I can live with this and simply remove the ModemManager from the laptop but it intrigues me. Would you consider moving the file from /etc to /lib or should I live well alone?

TIA Ken
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Re: Arduino

Postby jonni » Thu Jan 18, 2018 3:02 pm

Hi Ken,

This is definitely the unmistakable odour of progress, despite my bad guesses about what your hardware's USB ids are. It doesn't really matter where you put udev rules (the idea is that ones from upstream go in /lib/udev/rules.d whereas ones you make yourself go in /etc/udev/rules.d), so I doubt moving the file will have any effect .

I'm writing a feature about elementary OS (don't spoil the surprise--Ed) at the moment, which is based on the same Ubuntu 16.04 as your Mint install. So I investigated the /lib/udev/rules.d/ directory, and in particular the file 77-mm-usb-device-blacklist.rules. This already contains the line
Code: Select all
ATTRS{idVendor}=="2341", ENV{ID_MM_DEVICE_IGNORE}="1"

which confuses me, since this on its own should be enough to keep modem-manager's hands off the Micro. However, our investigations with lsof suggest this wasn't the case, and the fact it does work when modem-manager is removed all but confirms modem-manager is indeed the culprit. Perhaps there is some other device node that needs protecting from mm's grasp, perhaps there's another stray udev rule, perhaps this is because you're stuck on the old Mint 18.1 kernel. It may be interesting to dig deeper, but it may be more interesting to forget about it and get involved in serious Arduino business. Happy hacking!
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Re: Arduino

Postby nelz » Thu Jan 18, 2018 6:26 pm

jonni wrote:This is definitely the unmistakable odour of progress, despite my bad guesses about what your hardware's USB ids are. It doesn't really matter where you put udev rules (the idea is that ones from upstream go in /lib/udev/rules.d whereas ones you make yourself go in /etc/udev/rules.d), so I doubt moving the file will have any effect .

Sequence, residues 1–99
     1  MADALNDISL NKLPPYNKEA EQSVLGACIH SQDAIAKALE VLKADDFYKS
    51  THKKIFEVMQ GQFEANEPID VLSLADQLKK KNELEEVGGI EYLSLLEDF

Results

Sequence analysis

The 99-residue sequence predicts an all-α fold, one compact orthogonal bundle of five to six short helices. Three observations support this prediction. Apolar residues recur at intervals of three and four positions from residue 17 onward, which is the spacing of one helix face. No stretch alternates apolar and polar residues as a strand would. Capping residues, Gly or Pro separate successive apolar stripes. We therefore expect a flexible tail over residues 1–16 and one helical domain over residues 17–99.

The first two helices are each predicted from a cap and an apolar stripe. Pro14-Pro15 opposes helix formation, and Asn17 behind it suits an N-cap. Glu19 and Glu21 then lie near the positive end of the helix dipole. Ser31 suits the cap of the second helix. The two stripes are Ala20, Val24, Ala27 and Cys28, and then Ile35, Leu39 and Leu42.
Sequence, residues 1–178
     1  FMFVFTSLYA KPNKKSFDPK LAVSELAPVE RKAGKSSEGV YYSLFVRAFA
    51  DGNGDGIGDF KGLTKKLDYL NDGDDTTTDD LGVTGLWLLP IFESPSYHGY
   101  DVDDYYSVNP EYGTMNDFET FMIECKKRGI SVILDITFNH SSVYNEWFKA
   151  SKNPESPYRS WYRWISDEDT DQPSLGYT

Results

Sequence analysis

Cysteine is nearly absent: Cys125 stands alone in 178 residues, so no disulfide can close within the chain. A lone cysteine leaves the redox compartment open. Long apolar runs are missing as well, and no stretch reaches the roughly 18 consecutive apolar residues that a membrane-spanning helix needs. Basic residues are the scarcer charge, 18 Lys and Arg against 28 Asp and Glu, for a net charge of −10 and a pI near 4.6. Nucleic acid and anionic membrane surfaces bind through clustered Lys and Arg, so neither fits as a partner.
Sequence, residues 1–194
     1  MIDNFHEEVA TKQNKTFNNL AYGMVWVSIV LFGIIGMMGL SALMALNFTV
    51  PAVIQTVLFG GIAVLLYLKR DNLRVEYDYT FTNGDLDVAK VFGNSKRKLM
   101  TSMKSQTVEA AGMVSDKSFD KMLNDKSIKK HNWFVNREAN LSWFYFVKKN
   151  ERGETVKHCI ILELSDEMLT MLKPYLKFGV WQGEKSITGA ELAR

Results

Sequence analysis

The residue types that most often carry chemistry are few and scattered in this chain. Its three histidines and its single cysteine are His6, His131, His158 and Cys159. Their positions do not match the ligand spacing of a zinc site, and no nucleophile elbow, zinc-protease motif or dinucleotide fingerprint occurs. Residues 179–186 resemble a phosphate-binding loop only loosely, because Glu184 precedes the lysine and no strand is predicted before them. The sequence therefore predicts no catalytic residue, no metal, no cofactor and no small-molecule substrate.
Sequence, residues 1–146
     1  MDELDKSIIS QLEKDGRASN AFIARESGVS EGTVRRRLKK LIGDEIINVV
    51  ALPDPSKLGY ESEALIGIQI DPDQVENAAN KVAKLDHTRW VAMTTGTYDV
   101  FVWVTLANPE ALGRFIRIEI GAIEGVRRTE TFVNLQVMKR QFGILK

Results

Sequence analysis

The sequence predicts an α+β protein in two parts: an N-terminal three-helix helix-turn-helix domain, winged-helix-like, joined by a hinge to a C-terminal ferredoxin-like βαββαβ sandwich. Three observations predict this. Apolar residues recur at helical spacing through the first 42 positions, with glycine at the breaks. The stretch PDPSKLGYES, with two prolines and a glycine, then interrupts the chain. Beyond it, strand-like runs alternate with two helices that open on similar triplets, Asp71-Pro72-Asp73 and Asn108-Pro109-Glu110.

That's not quite true. The files in /lib belong to packages and can be overwritten by an update of said packages. Your changes should always go in /etc, which is safe and has priority over the rules in /lib.
"Insanity: doing the same thing over and over again and expecting different results." (Albert Einstein)
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Re: Arduino

Postby cbuffer » Thu Jan 18, 2018 6:40 pm

Thank you for your help Jonni. I removed the MM from my laptop and the Micro worked. Re-installed MM out of curiosity and the Micro didn't work. Removed it and works again. Must tell all the windows people how to overcome with Linux. Look forward to your article on elementary, their blurb makes it look beautiful.

Regards, Ken
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Re: Arduino

Postby cbuffer » Thu Jan 18, 2018 6:48 pm

nelz wrote:That's not quite true. The files in /lib belong to packages and can be overwritten by an update of said packages.


Oh spit! My long time saviour from disaster has joined us and pointed out something I read last night but didn't sink in. Well I'm intending to try Fedora 27 off the DVD shortly - will see what happens there.

Ken
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Re: Arduino

Postby jonni » Fri Jan 19, 2018 2:59 pm

nelz wrote:That's not quite true. The files in /lib belong to packages and can be overwritten by an update of said packages. Your changes should always go in /etc, which is safe and has priority over the rules in /lib.

Good clarification. The rules in there also have a nice warning to that effect at the top. But if I make a new file in /lib/udev/rules.d, then it will stay there and be respected until some package puts a file there with the same filename, right?
cbuffer wrote:My long time saviour from disaster...

Yours and mine both... I wonder if those heathens at Linux User & Developer have a Micro for me to break, I want to know wha gwarn here. Anyhoo, back to me feature/tax return/other overdue tasks.
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Re: Arduino

Postby nelz » Fri Jan 19, 2018 10:31 pm

Right, but it's just wrong!
"Insanity: doing the same thing over and over again and expecting different results." (Albert Einstein)